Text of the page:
As of January 2020, the World Council of Churches (WCC) has relaunched its Sarah Chakko Scholarship Fund.
The fund was first established in 1998, at the end of the Ecumenical Decade of Solidarity with Women, aiming to promote the education of women for leadership competencies for the ecumenical movement.
From its inception, the Sarah Chakko scholarship fund makes it possible for women to enter theological education and other training programmes that unlock women’s theological and ecumenical creativity.
Beneficiaries, past and present
Bearing the name of the first woman president of the WCC, the scholarship fund is a way to honour the gift of women at various levels of leadership in the ecumenical movement.
Manda Andrian from the Javanese Church in Indonesia is one of two current students at the WCC’s Ecumenical Institute at Bossey who currently benefit from the scholarship fund.
“As a person who lives in a multicultural and multireligious society, having an opportunity to study in Bossey is such a precious chance for me,” Andrian reflects. “I hope that I will be able to apply my knowledge to build a better society and to spread the ecumenical spirit, especially for young people in my community.”
Seeing the Sarah Chakko scholarships available through WCC work on Ecumenical Theological Education, Rev. Ruth Saiya from the Protestant Church of Maluku, Indonesia, continues: “One of the struggles of women in eastern Indonesia is the difficulty to get access to continue their education to a higher level. The challenge relates to our geographical location in an archipelago, which makes it very difficult for us to reach education centers. I feel confident that more women will have the opportunity to learn to assist the growth of their churches in an ecumenical spirit.”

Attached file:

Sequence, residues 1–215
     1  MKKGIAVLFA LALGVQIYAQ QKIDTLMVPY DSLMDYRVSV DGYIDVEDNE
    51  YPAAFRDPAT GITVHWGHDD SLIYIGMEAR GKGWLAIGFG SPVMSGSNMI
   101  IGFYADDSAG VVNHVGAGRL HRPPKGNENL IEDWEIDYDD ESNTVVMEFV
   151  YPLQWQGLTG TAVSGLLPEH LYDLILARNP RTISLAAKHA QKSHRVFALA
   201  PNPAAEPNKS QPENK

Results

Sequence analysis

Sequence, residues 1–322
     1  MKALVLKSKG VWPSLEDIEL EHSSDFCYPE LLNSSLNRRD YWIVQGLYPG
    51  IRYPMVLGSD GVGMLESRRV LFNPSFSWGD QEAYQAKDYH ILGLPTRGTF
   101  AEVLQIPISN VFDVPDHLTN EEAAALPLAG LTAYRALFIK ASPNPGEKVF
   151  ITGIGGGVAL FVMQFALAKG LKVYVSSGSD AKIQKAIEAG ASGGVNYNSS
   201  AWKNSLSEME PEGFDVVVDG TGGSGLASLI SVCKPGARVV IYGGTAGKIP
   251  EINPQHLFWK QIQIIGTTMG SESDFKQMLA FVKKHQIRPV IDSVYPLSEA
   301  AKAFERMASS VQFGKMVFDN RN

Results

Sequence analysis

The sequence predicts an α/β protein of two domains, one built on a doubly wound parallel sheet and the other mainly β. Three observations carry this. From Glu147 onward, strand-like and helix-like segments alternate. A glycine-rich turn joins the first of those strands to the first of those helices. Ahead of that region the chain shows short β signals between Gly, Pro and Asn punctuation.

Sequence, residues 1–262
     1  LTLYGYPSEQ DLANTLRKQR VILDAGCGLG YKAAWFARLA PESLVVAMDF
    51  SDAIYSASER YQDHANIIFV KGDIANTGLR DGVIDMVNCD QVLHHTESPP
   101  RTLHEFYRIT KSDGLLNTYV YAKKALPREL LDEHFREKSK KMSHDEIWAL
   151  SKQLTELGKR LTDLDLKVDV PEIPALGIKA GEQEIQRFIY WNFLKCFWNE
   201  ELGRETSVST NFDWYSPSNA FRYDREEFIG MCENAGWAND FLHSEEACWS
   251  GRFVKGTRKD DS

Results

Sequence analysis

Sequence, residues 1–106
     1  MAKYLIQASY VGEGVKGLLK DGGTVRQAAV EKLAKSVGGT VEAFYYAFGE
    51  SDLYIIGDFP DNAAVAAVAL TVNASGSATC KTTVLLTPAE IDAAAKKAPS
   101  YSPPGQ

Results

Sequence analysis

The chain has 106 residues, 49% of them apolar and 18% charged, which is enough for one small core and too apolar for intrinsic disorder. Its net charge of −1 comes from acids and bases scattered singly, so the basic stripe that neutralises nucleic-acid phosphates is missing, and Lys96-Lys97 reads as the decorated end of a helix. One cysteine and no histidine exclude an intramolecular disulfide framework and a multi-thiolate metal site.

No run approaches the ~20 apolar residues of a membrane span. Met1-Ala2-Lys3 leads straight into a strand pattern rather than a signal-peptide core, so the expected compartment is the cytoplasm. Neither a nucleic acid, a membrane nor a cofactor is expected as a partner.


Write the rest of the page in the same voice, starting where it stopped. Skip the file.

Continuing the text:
Reflecting on the relaunch of the scholarship fund, Fr. Prof. Dr Ioan Sauca, WCC deputy general secretary and director of the Ecumenical Institute at Bossey, extolled the contribution of women to the ecumenical movement, noting that Sarah Chakko was only 49 when she passed away, and yet accomplished so much in terms of her service to church and society. Chakko, a member of the Syrian Orthodox Church in India, Sauca also said, is an example of a laywoman who found a place to offer her gifts for service to God.
Seeing the two beneficiaries of the scholarship, WCC Programme Executive for Ecumenical Theological Education Rev Dr Kuzipa Nalwamba noted that the work of ecumenical women has re-emerged, and urged them to uphold those women’s ethos and legacy.